Like anything else worth doing, becoming a better runner requires real discipline and dedication. Consistency is paramount. But what happens when that fire inside you — the one that pushes you out the door each day — starts to dim? How do you keep yourself moving when you just aren’t feeling it?
Fret not. This happens to all of us. Motivation has a habit of ebbing and flowing, but there are ways to counter those days when your drive needs a little boost. Here are some of my tips.
Change up your location.
Sometimes you just need a little change of scenery. Looking forward to a brand-new backdrop for your run can light a fire that gets you out the door faster than ever. Check out my favorite local spots for some inspiration.
Lay your clothes out the night before.
I know. It sounds like some corny first-day-of-school stuff here, but hear me out. Laying your eyes on your pre-prepped running gear first thing in the morning can work as a reminder to “present you” that “past you” really wanted to make sure you got out there, and it can help reinvigorate that feeling.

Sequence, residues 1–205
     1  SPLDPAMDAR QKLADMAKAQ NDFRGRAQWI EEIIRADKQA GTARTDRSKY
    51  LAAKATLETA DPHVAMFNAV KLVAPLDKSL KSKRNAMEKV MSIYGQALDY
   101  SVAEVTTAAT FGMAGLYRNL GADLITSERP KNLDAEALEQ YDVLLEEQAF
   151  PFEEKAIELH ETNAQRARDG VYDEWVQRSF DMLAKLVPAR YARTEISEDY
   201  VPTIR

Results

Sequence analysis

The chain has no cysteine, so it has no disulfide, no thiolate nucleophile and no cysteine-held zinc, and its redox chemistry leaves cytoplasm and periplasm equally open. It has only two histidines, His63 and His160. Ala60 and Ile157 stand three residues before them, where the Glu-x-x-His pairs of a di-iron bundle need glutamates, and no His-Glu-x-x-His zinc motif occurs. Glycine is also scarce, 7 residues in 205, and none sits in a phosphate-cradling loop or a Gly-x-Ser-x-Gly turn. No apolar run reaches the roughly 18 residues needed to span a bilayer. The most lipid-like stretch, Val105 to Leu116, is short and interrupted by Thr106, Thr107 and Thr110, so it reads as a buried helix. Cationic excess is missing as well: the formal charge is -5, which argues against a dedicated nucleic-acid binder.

Just get dressed.
Taking the previous tip one step further, if you force yourself to go through the motions of getting dressed, you might find that looking the part is enough to get you out the door.
Update your playlist.
I can’t tell you how many times I’ve laid in bed at night, aimlessly perusing new music and adding song after song to my running playlist. I find myself so excited to hear all my newly added music the next day, I can hardly get out the door fast enough.
I’m not a huge fan of handing out rewards for anything and everything, but on an especially low-motivation day, go ahead and put a reward on the table. It could be something extravagant, like a splurge meal, or something simple, like giving yourself a pass at yard work for the day. Whatever it is, stand firm that you cannot collect until you complete your task.
Cut your route in half.
Maybe you run 8 miles every day, and today is just not the day for that. Well, get out there anyway, but cut down your distance. You’re still clocking a run — plus, you may find that once your feet hit the pavement, nothing will stop you from doing your full mileage.
Know when you truly do need a break.
All this said, rest days are imperative to any successful running regimen. Running yourself ragged can not only demotivate you long-term but can also lead to injury. Be sure to schedule regular rest days and enjoy them! Just be ready to lace up the next day.